When I decided to get serious about my writing, I had a critical choice to make: Use my real name or a pen name. It may not seem like a big deal, but I thought it was important to know what direction I was headed from the start.
I decided on a pen name because it allows me to retain a bit of anonymity while still building and promoting my personal brand and business – and besides, I just think it sounds better.
But when it came to writing about other real people, I had to decide again – aliases, or actual names?
The nature of my humor writing is satirical and sarcastic – which means that sooner or later, it’s bound to show many of the players in a less than positive light. Knowing that people may not be eager to have slightly exaggerated facts printed about them under their real names, I decided I should use aliases for everyone in my upcoming book.
Once I made that decision, I thought it would be a simple thing to pick entertaining names for all the characters, and voila – everyone would be happy.
Then I remembered that no matter what you do, you can never make everyone happy.
On the contrary – when making major decisions, you’re almost guaranteed to make at least one person unhappy – even if you choose to do nothing at all.
So, realizing that by choosing aliases for my eleven siblings I was running the risk of insulting one or all of them, I took a different approach.
I contacted all of them and gave them the option of choosing their own alias. That way, they could each pick a name they liked (for whatever reason), and I would leave their real names out. I even gave them the option of using their real name if they really wanted to.
Every one of them chose an alias.
I was pleased to see them all getting into the spirit of the thing – even though their chosen names ranged from perfectly normal to downright ridiculous, I figured the bizarre results would be funny in their own right.
After collecting all the names, life forced me to take a break from writing for a while, and everybody pretty much forgot about the exercise.
Then, I started the Just Ship It challenge on Fizzle.co, and decided that was the perfect opportunity to put my motley crew of silly monikers to use in finishing my first book.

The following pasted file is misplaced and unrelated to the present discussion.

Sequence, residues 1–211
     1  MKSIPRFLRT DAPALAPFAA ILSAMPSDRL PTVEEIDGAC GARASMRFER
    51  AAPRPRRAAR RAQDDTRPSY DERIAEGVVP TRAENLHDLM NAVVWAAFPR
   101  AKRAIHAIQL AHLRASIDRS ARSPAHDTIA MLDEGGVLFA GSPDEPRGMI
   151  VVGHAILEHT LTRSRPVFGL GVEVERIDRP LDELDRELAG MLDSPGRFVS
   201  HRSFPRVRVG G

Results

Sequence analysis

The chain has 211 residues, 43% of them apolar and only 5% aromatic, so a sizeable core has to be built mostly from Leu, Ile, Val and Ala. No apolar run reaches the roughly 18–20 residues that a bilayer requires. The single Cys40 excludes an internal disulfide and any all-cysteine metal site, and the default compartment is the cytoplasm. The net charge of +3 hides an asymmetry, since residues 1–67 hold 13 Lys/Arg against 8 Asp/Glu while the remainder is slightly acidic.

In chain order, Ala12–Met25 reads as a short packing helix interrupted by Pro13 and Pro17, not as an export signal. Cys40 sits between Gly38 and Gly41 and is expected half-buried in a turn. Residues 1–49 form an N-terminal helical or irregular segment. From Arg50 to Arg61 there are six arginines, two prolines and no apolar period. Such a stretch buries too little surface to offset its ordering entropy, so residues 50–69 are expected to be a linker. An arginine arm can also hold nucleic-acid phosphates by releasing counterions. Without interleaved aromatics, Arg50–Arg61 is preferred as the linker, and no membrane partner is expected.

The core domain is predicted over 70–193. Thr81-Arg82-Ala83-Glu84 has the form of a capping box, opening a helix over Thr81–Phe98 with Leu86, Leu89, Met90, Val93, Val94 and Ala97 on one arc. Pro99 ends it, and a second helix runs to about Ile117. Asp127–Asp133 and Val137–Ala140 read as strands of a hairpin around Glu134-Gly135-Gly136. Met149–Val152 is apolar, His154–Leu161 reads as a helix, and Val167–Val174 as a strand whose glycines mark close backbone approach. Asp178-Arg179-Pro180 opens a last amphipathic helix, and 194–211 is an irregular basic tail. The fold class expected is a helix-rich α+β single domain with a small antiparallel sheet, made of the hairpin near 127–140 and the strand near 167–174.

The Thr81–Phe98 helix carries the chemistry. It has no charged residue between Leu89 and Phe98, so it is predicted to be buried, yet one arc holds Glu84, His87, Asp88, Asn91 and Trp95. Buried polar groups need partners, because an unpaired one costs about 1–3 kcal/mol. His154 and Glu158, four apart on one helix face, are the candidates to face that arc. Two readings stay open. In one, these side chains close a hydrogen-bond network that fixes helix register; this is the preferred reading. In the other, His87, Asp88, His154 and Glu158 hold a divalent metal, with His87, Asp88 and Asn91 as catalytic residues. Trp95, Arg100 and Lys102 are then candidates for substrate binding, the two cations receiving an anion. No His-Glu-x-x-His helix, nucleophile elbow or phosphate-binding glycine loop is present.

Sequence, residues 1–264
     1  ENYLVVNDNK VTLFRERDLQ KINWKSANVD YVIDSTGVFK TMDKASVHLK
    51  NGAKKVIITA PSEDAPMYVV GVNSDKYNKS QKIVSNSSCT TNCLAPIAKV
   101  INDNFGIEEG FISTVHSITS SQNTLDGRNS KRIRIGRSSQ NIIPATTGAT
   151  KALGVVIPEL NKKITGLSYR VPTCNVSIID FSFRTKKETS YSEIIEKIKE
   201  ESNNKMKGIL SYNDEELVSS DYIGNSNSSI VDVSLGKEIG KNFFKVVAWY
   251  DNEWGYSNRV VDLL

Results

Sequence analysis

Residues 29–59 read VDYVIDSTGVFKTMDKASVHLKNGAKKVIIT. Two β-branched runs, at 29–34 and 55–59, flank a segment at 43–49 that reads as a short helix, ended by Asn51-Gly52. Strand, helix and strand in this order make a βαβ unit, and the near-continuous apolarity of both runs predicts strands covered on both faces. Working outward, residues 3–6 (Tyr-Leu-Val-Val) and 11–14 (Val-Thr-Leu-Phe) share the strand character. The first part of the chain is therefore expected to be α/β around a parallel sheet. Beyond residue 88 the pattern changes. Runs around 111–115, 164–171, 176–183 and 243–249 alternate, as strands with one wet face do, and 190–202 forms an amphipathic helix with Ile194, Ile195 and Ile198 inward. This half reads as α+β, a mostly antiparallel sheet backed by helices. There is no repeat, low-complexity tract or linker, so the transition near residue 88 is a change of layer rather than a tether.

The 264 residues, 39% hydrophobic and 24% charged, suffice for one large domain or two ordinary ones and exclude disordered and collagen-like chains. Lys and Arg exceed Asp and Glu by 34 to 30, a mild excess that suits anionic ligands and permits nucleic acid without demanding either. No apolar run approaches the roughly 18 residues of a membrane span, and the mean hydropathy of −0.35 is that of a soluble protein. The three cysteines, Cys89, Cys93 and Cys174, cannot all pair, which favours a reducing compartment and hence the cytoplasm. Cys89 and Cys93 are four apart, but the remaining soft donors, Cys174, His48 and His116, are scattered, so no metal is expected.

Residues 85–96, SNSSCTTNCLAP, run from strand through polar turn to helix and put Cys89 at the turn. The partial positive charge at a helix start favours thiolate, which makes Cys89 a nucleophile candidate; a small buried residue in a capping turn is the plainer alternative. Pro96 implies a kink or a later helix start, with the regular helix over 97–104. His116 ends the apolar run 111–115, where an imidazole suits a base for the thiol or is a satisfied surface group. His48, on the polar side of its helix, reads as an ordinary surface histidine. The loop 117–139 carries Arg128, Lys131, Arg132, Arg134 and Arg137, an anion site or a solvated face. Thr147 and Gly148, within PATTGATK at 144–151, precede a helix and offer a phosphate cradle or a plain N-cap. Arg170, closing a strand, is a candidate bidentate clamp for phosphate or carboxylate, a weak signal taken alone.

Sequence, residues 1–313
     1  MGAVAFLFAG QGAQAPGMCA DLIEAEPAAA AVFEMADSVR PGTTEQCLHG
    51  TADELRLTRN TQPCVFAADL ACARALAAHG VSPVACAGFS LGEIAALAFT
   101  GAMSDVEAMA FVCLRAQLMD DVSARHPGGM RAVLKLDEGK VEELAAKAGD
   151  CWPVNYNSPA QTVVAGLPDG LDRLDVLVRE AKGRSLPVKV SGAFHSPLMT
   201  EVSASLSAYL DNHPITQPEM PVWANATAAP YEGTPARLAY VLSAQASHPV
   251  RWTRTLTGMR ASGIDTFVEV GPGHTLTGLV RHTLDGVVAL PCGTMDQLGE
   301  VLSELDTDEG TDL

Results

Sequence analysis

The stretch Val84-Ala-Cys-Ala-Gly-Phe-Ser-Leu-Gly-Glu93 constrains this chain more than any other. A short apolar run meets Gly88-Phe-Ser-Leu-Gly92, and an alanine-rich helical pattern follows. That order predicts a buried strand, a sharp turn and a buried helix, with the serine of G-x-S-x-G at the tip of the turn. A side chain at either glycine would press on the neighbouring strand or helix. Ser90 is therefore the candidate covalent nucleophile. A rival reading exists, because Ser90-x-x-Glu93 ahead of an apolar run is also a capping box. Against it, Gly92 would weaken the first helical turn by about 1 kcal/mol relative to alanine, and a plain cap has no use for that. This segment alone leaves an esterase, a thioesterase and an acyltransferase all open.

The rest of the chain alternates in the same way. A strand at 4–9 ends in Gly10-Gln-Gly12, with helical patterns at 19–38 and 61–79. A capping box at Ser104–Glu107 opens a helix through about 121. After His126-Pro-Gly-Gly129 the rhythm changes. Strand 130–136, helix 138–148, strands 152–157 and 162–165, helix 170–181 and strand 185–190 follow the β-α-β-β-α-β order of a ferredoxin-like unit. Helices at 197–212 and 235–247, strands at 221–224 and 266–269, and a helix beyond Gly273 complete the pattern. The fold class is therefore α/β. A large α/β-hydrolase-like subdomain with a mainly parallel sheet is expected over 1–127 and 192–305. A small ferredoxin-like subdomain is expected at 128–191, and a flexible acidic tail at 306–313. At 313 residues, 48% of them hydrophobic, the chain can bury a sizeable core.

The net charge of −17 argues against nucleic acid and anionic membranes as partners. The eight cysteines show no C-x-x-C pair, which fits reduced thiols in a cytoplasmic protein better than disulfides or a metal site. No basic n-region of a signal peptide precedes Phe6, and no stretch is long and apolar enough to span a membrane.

As I’ve progressed through the month leading up to the book launch, I offered a sneak peak chapter to my subscribers (which you can get for free – right here.) It was the first public release of the aliases. I thought things were going along great. I was focused on finishing the book, building some buzz and a fat email list, and figuring out the nuances of self-publishing.
Then I got my first complaint.
From my sister.
She told me that some of the names I was using were distracting her from the story, because they reminded her of characters in other stories she’d read or movies she’d seen.
That’s not surprising, since almost every one of my siblings chose their alias based on a ridiculous or admirable fictional character they were fond of.
“But, they chose their own names,” I protested. “I told them they could choose whatever names they wanted, and I’d use them. If you don’t like the way a name sounds, well, you’ll just have to take that up with Inigo.”
Yes, one of my brothers chose to be called Inigo – after Inigo Montoya, the obsessive Spanish swordsman in the movie The Princess Bride. To be honest, I was a little jealous that he thought of that one before I did – if he hadn’t taken the name, you might be reading this on InigoMacDougall.com.
But I digress.
Yesterday, another brother emailed me and asked if I had considered explaining to my readers why everybody in my family had such odd names. He has a good point, because if you look at all of their names as a whole, it makes Frank Zappa’s kids’ names look positively boring. (Hey, wait a minute… DweezilMacDougall.com… that’s not bad…)
The point of this discussion is that in allowing the stars of my stories to choose their own alias, I willingly surrendered part of my own creative license. I don’t think that’s necessarily bad in this case, because it allows them to participate in telling their own stories, and encourages them to have fun while they do it.
Oh, and just so you know – here’s the list of names they chose, as well as some of the inspirations:
Pike – Named after Pike Bishop, tough cowboy played by William Holden in The Wild Bunch
Yasmina – Because she likes it and is partial to names starting with Y
Rolf – Named after Rolf Retief, younger brother of hero diplomat Jaime Retief in Keith Laumer’s farcical Sci-fi series
Sara – Named after Sara Hogan, masquerading nun played by Shirley MacLaine in Two Mules for Sister Sara
Galla – Scottish Gaelic for Vixen, which would make a great ridiculous character name in a Harlequin Romance novel
Jinty – Scottish girl’s name meaning God is Gracious. Certainly true – this crowd needed a lot of grace growing up
Rico – Named after Uncle Rico, played by Jon Gries in Napoleon Dynamite
Lauralynn – Short for Lauralynn Hardy… ‘nuff said
and me, MP – Random initials. I’m the imaginative one.
What’s your opinion?
If you had a choice between choosing interesting aliases for 11 people (risking their ire if you got it wrong), or giving up some control of your own writing and letting them pick their own names, what would you do?
Add your two cents in the comments!